If we're already talking about running, I'll just mention that I'm planning on running in the "mirutz" or race that takes place hereabouts every year. They call it the Race of "Here are our Houses" which sounds politically charged in English, but when translated to the Hebrew it comes out to כאן ביתינו (ka'an beiteinu) and the acronym for "KAN" turns out to stand for K'far Adumim, Alon and Nofei Prat which are the names of the settlements of the area. So I suppose it sounds politically charged in Hebrew, too. Hmm. In any case, they have three "races" - 2km, 5km, and 10km. I'm doing the 5km. You're all welcome to sponsor me, the money will be going to a charity....JUST KIDDING. Its just for fun. Prep for the Danskin (rock!).

Sofa"sh (Sof Shavua -- Weekend)

The time between Yom HaShoah (Monday) and Mishmar (Thursday night) is all a blur. Nothing happened, everything happened. We had special talks, activities, chavrutot, ceremonies, songs, and then it was the weekend. I went Tuesday night to Migdal Oz, to see it again - to see my friends, to see what had changed and what hadn't. And going back reminded me. It reminded me of all of the great changes, the crises, the emotions that I experienced there. And I decided I was going to go for Shabbat as well. So on Friday I got myself back to Migdal Oz for a Shabbat for the first time in three years. It was lovely to be back. Same food, different toranim. Same Tefillah (prayers), bigger building (they built a whole new space for Mechon Herzog). Same feeling, different experience. I split my time between the first year Americans and my friends in second and fourth year. All in all, it remains a place full of song and pilpul (thanks, Adi Zalis!!!). Saturday night was a double birthday party. And on Sunday it was off to Midrasha -- full-speed ahead.

Cemetery/Ceremony (I'm not the only one who gets confused in foreign languages...thanks Adi Zalis!!!)
Pardes was coming to the Midrasha. And they asked me to help out. So, of course, I agreed. But what they hadn't told me was that my task was to put together a program for Yom HaZikaron. And when it came to light that this was, in fact, what was at hand, I felt a bit out of place. Who was I to put on an emotional show for the day upon which Israelis commemorate their fallen heroes, their victims of terror, their fallen loved ones? And how were the Americans to connect? How was I (it wasn't just me, don't worry I had lots of help) to strike a balance between languages? Between cultures? Between Jews? The program went like this in the end:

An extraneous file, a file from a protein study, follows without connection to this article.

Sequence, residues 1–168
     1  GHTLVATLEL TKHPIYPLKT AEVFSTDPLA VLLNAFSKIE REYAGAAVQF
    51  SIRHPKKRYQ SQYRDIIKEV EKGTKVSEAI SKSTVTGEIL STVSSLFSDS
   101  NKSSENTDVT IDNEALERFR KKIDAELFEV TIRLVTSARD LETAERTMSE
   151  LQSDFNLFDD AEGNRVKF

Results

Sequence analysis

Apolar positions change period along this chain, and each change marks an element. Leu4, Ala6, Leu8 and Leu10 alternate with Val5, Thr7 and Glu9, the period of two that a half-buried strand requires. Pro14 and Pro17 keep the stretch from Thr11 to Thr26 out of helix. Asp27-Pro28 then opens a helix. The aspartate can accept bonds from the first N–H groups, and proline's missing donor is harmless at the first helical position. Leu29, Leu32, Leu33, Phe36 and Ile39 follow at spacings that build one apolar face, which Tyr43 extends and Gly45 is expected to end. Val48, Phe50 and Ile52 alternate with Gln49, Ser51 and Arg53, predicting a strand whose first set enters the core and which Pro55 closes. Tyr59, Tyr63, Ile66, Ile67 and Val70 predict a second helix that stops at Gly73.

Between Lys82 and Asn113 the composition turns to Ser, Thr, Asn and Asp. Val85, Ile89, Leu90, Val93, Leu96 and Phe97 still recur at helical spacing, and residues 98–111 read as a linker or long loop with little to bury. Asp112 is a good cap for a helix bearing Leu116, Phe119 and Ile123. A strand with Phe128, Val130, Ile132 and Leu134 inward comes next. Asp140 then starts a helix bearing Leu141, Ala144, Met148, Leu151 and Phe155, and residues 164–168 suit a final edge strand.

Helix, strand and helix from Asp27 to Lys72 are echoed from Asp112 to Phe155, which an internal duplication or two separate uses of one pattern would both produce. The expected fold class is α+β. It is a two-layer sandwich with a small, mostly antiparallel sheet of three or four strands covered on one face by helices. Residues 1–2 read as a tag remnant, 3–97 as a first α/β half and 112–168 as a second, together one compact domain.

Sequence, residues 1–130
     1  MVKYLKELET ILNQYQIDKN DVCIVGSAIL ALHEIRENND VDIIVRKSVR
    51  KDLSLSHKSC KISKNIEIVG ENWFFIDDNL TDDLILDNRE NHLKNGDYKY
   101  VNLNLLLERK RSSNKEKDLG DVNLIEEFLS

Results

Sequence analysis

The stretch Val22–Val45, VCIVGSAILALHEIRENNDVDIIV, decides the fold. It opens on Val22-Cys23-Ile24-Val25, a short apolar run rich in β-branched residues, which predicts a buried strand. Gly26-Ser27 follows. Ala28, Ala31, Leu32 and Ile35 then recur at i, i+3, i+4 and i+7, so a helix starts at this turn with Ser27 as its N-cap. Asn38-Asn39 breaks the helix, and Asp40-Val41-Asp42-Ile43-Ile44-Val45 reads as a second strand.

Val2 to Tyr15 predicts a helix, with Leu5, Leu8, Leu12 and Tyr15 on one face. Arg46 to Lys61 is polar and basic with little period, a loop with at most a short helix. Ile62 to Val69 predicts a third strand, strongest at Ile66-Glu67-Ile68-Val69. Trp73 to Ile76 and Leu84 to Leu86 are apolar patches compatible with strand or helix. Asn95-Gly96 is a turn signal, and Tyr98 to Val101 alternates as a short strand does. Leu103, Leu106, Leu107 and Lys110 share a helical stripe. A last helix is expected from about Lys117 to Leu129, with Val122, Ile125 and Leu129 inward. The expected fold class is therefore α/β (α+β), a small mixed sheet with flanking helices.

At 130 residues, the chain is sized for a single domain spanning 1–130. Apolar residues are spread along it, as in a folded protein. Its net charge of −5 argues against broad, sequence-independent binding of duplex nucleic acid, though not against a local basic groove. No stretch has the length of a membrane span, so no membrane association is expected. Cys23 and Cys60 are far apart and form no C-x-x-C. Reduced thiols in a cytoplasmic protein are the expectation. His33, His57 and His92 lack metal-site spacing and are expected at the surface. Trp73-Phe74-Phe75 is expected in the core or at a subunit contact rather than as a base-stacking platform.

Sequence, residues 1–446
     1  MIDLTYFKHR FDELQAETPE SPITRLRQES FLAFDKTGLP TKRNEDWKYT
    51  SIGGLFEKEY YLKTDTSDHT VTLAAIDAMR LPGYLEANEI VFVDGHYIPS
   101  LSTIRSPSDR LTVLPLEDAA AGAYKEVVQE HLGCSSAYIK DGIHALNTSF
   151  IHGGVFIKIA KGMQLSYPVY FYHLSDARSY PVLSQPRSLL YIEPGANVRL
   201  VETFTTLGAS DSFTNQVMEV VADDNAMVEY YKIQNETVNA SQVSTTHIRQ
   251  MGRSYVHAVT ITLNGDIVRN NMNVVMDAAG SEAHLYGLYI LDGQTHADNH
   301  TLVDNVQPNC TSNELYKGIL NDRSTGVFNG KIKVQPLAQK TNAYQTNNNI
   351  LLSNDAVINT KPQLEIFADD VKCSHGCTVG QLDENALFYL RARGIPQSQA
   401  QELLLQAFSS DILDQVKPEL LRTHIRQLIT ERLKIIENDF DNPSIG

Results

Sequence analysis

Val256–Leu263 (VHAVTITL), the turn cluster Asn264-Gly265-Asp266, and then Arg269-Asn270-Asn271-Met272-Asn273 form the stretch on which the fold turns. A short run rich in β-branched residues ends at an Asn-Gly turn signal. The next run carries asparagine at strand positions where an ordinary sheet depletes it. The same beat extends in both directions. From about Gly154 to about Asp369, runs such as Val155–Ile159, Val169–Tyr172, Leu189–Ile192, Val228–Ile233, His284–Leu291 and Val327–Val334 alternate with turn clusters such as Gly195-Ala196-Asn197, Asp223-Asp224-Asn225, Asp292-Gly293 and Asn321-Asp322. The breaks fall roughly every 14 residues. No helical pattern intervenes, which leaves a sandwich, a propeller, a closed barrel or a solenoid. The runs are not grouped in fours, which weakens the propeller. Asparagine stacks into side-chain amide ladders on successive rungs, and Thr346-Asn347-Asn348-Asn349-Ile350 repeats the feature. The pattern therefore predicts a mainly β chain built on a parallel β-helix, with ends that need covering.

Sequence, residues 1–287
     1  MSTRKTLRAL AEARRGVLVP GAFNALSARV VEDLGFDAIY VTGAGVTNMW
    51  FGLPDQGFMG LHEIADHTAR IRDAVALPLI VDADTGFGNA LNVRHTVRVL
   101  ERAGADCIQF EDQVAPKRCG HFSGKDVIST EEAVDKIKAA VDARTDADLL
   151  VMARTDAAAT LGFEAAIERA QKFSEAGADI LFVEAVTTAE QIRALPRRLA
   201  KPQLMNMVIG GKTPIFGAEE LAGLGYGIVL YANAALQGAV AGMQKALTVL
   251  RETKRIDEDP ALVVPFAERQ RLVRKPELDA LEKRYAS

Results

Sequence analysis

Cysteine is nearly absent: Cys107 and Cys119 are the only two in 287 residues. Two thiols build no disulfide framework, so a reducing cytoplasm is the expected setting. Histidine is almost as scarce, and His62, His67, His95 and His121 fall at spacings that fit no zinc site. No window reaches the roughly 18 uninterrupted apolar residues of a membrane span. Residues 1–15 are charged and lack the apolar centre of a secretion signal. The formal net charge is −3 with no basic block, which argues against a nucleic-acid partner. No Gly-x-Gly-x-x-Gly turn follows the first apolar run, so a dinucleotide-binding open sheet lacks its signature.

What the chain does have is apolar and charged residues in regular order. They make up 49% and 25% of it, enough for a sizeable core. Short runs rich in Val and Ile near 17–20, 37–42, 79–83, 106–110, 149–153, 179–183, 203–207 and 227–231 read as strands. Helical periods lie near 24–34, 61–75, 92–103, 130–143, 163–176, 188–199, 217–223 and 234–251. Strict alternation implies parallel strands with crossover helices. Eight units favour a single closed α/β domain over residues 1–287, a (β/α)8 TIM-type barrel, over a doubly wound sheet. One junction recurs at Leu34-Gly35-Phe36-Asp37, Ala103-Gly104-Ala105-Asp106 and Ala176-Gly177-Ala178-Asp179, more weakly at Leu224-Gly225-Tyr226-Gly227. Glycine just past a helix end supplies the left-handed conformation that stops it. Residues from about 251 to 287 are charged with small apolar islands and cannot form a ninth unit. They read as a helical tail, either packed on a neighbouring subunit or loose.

-Siren (all of Israel stands silent for one minute to commemorate the dead)
-Israeli Song
-"Introduction" (this is where I explained what would Hebrew and then in English)
-Reading of Names (of fallen soldiers or people who died in terrorist attacks -- names provided by Ein Prat's members)
-Yizkor (prayer for the dead)
-Reading of Names
-A personal story from a friend from Ein Prat
-Reading of Names
-A poem read in Hebrew and simultaneously in English
-Reading of Names
-HaTikva (Israeli national anthem)

And people liked it. It was meaningful, somehow. They came up to me and thanked me. Thus, your song today is a song I love, a sad song, one that, when played on the radio during the second intifada would let Israelis know that there had been a terrorist attack. It's called Darkeinu and this version is from the TV show Burganim (which I've never seen, and can therefore not be held responsible for its content).

Sunday, April 11, 2010


I got back to Israel in the middle of the night four days ago. A lot has happened. I will relate snippets:

I met a girl in the airport. She was dressed in a floppy hat, leggings, a sweater with holes that hung loosely from her slight figure, and boots -- all in black. She was in front of me in the security line. As we put on our shoes together we became friends. Her boots were lace-ups. All the way to the knee. I hope I see her again some day.

I met an Israeli woman currently living in Los Angeles on the flight from Paris to Tel Aviv. A talker. But I didn't mind. She talked in Hebrew. She talked about her children - she has five daughters - and how proud she is of them. She talked about her Moroccan friends (once it came to light that I had been in Morocco not long ago) and their delicious foods. She talked about her divorce some years ago. She talked about her new love interest in Paris. She talked about love and genius. She talked about life after death and about reincarnation. She talked about how she was raised with little religion and now, in her fifties, has begun to find it a fulfilling exercise. She talked about her desire to keep Shabbat. She talked about finally feeling "grown-up". It was an odd sort of conversation...or listening experience, lefachot (at least).